Since June 1, 2010, I have reported about problems in the Detroit office of the US Census Bureau involving Dwight Dean, who was booted from his once-stable perch in the Census Bureau hierarchy in August 2010. Today, I give a hearty thank you to Robert Snell and the Detroit News who have reported that the “former top-ranking U.S. Census Bureau official in Michigan and two other states is being investigated for allegedly accepting bribes and awarding an $857,000 no-bid contract.” MyTwoCensus.com urges federal, state, and local investigators to also investigate the many other Dwight Dean cronies who were very likely conspirators in his activities. Furthermore, as other MyTwoCensus.com pieces demonstrate, at the Detroit office of the Census Bureau, it oftentimes appeared like the inmates were running the asylum.
Here’s the Detroit News piece (in full HERE):
A search warrant affidavit unsealed Monday in federal court indicates that in November 2010 a grand jury was investigating Plymouth resident Dwight Dean. He was the highest-ranking Census official in Michigan, Ohio and West Virginia until he was abruptly, and inexplicably, replaced in August 2010. No criminal charges have been filed.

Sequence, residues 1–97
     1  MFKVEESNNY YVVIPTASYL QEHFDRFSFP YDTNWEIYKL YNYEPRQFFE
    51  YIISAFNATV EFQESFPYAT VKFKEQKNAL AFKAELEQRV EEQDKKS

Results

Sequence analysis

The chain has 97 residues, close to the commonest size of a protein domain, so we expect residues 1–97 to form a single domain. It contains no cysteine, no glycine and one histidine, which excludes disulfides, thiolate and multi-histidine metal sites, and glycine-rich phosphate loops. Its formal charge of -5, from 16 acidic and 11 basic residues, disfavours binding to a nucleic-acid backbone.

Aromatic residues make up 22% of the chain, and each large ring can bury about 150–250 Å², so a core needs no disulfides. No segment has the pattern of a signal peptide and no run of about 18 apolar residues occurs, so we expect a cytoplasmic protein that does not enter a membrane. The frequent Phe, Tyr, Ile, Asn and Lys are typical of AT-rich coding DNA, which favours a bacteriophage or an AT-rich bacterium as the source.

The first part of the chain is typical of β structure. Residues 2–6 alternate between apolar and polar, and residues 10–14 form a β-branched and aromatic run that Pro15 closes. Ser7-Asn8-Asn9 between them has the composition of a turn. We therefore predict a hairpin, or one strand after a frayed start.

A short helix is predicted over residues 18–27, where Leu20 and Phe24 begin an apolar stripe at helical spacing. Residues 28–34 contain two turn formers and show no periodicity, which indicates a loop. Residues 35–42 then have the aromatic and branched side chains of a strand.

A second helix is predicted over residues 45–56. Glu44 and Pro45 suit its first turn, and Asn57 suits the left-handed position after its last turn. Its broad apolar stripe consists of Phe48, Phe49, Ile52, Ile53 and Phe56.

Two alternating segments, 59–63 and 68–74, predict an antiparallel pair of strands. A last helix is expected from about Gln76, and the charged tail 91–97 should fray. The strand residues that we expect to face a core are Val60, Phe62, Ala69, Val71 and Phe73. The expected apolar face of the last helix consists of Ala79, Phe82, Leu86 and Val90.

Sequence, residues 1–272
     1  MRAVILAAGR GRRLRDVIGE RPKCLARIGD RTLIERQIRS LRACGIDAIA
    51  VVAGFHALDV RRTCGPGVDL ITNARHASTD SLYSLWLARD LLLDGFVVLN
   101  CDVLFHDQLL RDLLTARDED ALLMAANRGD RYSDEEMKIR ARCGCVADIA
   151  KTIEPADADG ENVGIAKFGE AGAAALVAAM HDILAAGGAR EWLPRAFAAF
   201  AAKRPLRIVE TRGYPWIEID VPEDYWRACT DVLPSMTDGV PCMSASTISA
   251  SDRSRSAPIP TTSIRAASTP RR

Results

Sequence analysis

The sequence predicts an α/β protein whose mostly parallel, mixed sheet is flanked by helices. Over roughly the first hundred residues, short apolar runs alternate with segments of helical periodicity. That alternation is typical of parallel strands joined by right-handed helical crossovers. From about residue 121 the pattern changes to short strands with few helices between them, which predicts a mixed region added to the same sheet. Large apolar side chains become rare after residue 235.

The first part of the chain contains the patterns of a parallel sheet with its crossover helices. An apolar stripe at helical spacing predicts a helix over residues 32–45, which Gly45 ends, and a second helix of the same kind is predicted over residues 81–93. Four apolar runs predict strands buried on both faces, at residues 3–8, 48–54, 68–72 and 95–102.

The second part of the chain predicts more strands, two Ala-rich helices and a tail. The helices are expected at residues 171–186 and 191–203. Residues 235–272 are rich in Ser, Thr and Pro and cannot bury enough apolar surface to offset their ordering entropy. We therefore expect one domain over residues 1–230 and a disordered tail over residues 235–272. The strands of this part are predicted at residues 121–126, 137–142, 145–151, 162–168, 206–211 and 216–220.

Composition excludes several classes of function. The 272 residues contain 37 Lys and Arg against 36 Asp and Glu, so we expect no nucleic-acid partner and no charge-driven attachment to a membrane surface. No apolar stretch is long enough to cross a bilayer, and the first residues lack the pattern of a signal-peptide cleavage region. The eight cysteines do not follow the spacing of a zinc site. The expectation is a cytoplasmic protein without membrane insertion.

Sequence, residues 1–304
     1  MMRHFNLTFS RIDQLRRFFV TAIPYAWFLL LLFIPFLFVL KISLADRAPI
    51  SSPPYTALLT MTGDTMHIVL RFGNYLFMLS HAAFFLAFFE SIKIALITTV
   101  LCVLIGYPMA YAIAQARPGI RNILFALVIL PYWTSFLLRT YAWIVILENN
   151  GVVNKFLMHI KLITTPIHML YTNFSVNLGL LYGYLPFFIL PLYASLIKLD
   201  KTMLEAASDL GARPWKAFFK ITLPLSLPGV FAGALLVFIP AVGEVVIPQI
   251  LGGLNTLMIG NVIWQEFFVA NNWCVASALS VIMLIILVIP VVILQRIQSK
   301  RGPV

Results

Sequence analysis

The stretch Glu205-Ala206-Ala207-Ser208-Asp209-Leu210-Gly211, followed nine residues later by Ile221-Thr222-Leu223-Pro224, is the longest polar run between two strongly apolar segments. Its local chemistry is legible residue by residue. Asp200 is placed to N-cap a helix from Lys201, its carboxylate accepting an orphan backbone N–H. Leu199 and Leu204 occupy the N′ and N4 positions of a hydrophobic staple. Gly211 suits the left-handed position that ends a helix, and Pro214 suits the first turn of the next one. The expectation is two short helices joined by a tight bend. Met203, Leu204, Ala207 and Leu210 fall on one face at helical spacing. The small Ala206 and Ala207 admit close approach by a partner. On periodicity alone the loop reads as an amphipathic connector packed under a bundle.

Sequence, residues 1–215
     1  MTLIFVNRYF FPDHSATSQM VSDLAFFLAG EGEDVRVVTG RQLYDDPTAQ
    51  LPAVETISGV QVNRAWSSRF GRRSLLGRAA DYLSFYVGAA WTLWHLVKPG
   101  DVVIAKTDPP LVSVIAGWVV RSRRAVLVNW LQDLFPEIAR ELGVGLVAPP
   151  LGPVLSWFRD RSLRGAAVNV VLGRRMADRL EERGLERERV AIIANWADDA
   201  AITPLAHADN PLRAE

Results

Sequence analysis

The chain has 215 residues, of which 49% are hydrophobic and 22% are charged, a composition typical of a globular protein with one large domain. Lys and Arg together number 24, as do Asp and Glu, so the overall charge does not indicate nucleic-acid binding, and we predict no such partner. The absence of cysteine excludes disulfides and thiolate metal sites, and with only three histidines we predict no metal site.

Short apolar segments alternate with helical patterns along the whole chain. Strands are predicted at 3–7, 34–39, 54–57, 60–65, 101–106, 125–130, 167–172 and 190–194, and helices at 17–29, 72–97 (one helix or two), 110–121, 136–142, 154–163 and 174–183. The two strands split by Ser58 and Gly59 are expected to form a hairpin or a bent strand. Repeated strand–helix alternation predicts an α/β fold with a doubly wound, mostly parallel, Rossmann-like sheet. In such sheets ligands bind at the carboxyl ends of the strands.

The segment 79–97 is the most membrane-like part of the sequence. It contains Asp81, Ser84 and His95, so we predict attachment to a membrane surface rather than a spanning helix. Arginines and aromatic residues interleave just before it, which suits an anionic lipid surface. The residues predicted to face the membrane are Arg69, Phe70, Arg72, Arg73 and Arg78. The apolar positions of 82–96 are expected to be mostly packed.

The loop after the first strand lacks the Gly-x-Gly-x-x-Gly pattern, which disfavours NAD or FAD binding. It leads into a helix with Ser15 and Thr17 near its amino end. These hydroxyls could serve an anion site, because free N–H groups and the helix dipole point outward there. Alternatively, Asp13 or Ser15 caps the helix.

This investigation involves a federal official in Detroit, which has been the focus of several ongoing corruption investigations involving City Hall and two Detroit pension funds.
Federal investigators did not put a value on the alleged bribes, which involve dinners at expensive restaurants and what appear to be free tickets to the North American International Auto Show charity preview.
The Detroit businessman named in the search warrant, who admitted giving Dean auto show tickets and paying for dinners, denied doing anything wrong.
“That’s not bribery,” Motor City International President Louis James told The News. “That’s a business meeting.”
Dean had served as Census regional director since 1987 and oversaw a crucial headcount last year that ended with Detroit Mayor Dave Bing vowing to appeal figures that showed a steep population drop. The census is used to determine the amount of federal funding cities receive.
Dean, 64, did not return phone messages seeking comment Wednesday.
The search warrants were executed a year ago and the current status of the investigation was unclear Wednesday.
There is no indication the allegations affected the 2010 census count.
“Over 39,000 people hired locally in the Detroit region worked on the 2010 census. At all times, we conducted extensive quality assessments of operations and census results,” Census Bureau spokesman Michael Cook said.”The assessments of the Detroit region are consistent and within the norms of what we found nationally.”
Federal agents raided Dean’s offices in Detroit one year ago, searching for evidence he accepted gifts, loans or money between August 2008 and August 2010, according to the search warrant affidavit unsealed Monday.